crack down on financial institutions that have ties to the North Korean government.
“There is additional legislation which we are going to move very quickly that will also
choke off some of the hard currency that this regime uses for its nuclear program,” the
California Republican said after attending a separate administration briefing on North
Korea for House members. But Representative Brad Sherman, a Democrat
from California who serves on the House Foreign Affairs Committee, said the Trump administration
isn’t applying enough pressure on China to use its influence to rein in North Korea.
“What was lost in the discussion is that they are unwilling to do anything that would
put real pressure or China or use our ability to impose tariffs,” Sherman told reporters
Wednesday. “Because these are things that Wall Street would reject.”
Tillerson is heading to New York on Friday to chair a session on North Korea at the United
Nations Security Council. Read how Trump’s ‘Armada’ can’t knock
down Kim’s missiles While the joint statement emphasized diplomacy,
the U.S. continued to move a battle group led by an aircraft carrier, the USS Carl Vinson,
toward the region. At the same time, the USS Michigan, a nuclear-powered submarine capable
of carrying 154 Tomahawks, arrived at the South Korean port of Busan this week. The
move was was described by the Pentagon, which typically doesn’t discuss submarine movements,
as part of a routine patrol. Pressed by lawmakers, Admiral Harris wouldn’t
discuss publicly scenarios for a pre-emptive strike against North Korea, though he did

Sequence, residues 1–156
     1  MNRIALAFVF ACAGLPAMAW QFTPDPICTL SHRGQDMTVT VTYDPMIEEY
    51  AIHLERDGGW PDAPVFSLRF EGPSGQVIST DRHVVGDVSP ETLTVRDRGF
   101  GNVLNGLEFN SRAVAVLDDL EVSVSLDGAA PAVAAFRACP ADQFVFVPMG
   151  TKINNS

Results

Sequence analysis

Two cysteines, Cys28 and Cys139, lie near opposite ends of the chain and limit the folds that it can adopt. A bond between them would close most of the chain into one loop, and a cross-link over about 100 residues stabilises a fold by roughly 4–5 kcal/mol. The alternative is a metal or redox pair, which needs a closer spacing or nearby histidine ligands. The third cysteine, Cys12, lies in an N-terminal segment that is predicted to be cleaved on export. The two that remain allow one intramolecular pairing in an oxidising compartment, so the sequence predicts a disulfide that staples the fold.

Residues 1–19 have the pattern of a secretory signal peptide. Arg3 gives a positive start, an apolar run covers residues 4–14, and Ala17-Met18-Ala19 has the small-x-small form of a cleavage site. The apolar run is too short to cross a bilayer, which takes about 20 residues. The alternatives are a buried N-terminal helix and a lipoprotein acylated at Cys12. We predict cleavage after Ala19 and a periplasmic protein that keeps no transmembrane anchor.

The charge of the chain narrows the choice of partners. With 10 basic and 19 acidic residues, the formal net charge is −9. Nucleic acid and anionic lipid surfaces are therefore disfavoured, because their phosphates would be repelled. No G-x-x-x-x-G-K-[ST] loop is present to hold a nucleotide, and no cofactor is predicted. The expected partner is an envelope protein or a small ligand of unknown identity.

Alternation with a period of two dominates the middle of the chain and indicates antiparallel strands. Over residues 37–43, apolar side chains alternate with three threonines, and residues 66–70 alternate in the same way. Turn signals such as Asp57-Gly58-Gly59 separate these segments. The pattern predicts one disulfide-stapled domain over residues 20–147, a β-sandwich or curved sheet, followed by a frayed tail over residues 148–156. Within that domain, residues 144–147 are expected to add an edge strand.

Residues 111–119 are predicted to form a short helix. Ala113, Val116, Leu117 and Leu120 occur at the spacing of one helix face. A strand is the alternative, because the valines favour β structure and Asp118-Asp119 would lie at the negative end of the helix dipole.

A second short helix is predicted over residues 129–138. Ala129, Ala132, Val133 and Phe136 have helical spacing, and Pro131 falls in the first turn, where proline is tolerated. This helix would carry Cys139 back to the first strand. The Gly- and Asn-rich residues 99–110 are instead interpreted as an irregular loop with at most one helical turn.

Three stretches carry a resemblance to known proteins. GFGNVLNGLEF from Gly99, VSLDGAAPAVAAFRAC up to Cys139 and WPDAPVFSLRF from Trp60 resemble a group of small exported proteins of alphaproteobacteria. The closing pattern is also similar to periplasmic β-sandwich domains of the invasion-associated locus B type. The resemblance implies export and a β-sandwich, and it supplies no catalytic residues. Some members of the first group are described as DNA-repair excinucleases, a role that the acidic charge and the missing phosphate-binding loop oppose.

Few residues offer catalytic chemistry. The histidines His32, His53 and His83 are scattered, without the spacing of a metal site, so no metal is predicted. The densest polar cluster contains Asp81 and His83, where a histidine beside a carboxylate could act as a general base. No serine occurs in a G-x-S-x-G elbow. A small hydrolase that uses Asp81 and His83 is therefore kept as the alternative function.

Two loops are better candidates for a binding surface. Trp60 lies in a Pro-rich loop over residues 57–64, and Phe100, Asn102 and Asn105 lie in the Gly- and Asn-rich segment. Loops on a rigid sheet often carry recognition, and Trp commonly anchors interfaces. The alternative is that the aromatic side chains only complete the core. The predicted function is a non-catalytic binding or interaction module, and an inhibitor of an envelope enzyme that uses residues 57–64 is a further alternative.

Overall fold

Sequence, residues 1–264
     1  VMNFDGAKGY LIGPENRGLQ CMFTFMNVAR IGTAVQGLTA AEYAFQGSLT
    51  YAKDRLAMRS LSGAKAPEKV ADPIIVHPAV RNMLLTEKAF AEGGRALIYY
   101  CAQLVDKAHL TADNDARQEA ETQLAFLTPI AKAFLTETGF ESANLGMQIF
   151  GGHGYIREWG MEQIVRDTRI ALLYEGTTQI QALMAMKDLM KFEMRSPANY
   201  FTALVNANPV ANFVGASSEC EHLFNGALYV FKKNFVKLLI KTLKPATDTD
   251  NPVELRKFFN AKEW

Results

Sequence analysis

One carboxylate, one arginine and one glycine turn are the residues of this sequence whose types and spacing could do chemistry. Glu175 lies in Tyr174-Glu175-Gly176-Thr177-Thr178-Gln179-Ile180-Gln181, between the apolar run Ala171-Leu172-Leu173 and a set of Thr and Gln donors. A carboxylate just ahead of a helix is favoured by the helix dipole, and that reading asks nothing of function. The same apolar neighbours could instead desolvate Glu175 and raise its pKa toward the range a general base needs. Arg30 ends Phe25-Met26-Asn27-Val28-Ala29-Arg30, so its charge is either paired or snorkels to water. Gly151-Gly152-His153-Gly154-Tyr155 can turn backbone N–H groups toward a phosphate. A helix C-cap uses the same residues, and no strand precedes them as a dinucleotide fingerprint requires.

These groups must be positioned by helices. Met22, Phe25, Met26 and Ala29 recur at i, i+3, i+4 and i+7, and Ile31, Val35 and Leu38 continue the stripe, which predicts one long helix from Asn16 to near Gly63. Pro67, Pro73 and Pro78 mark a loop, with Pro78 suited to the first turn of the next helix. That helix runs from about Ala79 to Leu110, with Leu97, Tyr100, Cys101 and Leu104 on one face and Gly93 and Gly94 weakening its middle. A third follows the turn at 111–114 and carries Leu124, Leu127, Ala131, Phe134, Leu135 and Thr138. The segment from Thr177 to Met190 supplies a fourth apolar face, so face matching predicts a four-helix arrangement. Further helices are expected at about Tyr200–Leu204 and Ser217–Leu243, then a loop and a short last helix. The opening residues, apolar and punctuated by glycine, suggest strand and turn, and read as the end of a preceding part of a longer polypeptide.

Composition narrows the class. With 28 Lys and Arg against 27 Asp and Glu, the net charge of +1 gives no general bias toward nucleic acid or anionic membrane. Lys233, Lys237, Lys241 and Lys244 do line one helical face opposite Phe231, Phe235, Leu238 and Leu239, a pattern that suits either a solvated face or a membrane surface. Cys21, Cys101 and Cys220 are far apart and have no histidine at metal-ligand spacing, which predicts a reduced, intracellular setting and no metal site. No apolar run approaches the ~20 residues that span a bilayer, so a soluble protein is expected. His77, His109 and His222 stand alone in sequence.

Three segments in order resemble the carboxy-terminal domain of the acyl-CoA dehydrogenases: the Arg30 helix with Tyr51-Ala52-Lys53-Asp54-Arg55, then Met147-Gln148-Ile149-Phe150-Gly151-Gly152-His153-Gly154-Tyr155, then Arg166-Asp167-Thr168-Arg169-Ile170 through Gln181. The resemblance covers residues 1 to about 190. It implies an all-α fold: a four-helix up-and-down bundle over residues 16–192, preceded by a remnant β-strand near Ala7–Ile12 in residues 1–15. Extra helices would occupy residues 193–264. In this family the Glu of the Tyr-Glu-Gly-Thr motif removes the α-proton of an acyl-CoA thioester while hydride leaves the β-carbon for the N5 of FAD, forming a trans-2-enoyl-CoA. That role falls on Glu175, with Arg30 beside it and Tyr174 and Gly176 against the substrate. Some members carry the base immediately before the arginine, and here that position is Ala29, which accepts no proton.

address the risk that U.S. action could be met by a response that would kill many South
Koreans, Japanese and U.S. troops in the region. “A lot more Koreans and Japanese and Americans
die” if Kim’s regime reaches its nuclear arms goals, Harris said.
China has also sought to calm tensions on the Korean Peninsula by emphasizing diplomacy.
Speaking by phone with Trump on Monday, Xi urged all parties to avoid actions that might
make the situation worse, and to work within the framework of UN Security Council resolutions,
according to state broadcaster China Central Television.
The Global Times, a Chinese Communist Party-affiliated newspaper known for its nationalist views,
said North Korea stands to lose the most in a conflict.
“The game of chicken between Washington and Pyongyang has come to a breaking point,”
the newspaper wrote in an editorial published Tuesday.
Amid the heightened tensions, U.S. forces have begun installing a more advanced system
for tracking and intercepting ballistic missiles than South Korea’s current network of shorter-range Patriot
batteries can hit. The Terminal High Altitude Area Defense system, known as Thaad, should
be operational by the end of the year, according to South Korea’s defense ministry. American
forces are working with Korea to complete the deployment “as soon as feasible,”
the U.S. Defense Department said in an emailed statement.
South Korean Election The introduction of Thaad has angered China,
which is concerned it could be used to spy on its own facilities. The anti-missile system
also has become a campaign issue ahead of South Korea’s May 9 presidential election,
with frontrunner Moon Jae-in denouncing the expedited deployment while his closest rival
Ahn Cheol-soo says it must take place. In his testimony, Harris also endorsed Trump
administration statements that the U.S. goal isn’t to topple Kim’s regime. “We want
to bring Kim Jong Un to his senses, not to his knees,” he said.